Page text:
City Open House on Mill Street Corridor Project
Contact: Tyler Christoff, Project Manager, City Engineering/Asset Management Department, 970-544-3143 and firstname.lastname@example.org
Aspen, Colorado – March 1, 2012– The City of Aspen is holding an open house Wednesday, March 7 from 5-7pm in Council Chambers to discuss improvements to the Mill Street corridor from the intersection with Main Street down to the Art Museum. The open house is an opportunity for the public to learn more about this project and to weigh in with their ideas.
Making the downtown core of Aspen more pedestrian and bike friendly and focusing on travel modes other than the automobile has long been a goal of the City. In 2006 when the City of Aspen Civic Master Plan was adopted by City Council this goal was included, “Aspen’s future should be one in which the automobile pays a smaller role in people’s everyday lives. Other modes of travel should be made as safe and convenient as possible to facilitate that goal…the level of investment in…more and better bikeways and walkways should increase.” In addition, in 2009 City Council prioritized the Mill Street project as one among many pedestrian and traffic safety projects to move forward with funding from the Public Amenity Fund.
Tyler Christoff, Project Manager for the Engineering Department said, “The movement of people throughout Aspen is important to viability of our community not only now but into the future. As external factors make traditional modes of travel less appealing we must look to improve our existing infrastructure to accommodate all user groups. The Mill Street project aims to create a street for today and tomorrow.”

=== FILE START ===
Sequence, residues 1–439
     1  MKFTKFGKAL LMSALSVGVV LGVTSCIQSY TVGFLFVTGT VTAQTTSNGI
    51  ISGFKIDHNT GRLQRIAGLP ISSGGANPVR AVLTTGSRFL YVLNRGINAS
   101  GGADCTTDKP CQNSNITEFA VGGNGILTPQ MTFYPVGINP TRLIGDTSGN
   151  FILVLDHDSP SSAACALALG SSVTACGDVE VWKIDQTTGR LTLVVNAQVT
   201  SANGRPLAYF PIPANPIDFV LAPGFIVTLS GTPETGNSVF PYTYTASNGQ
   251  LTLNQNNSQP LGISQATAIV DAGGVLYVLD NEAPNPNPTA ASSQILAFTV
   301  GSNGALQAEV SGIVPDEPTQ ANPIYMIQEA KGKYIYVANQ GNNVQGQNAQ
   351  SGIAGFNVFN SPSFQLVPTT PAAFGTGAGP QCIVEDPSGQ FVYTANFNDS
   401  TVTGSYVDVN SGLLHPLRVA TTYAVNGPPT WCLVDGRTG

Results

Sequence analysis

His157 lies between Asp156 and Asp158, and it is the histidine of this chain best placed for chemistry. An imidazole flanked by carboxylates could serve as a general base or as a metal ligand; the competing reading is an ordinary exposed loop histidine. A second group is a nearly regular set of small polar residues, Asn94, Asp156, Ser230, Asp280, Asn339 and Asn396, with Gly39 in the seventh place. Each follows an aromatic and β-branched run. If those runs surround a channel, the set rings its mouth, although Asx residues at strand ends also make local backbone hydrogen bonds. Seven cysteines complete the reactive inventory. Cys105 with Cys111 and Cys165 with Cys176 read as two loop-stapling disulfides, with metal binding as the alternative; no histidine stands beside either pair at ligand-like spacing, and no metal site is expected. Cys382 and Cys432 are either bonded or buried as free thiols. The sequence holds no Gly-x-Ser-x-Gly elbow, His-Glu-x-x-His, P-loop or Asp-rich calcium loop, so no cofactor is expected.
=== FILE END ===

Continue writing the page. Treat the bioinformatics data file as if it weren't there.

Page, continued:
Specifically this project will use professional design and engineering services to develop and determine the feasibility and implementation of pedestrian crossings, streetscape improvements, bicycle lanes and traffic calming measures on the Mill Street corridor.
The project is slated for public outreach and design over the next few months with implementation in late 2012 or early 2013. The City has $338,000 budgeted for the entire project, which includes construction. The open house is the first step in getting significant community input on real and forward thinking solutions to making the corridor more user-friendly for all modes of transit.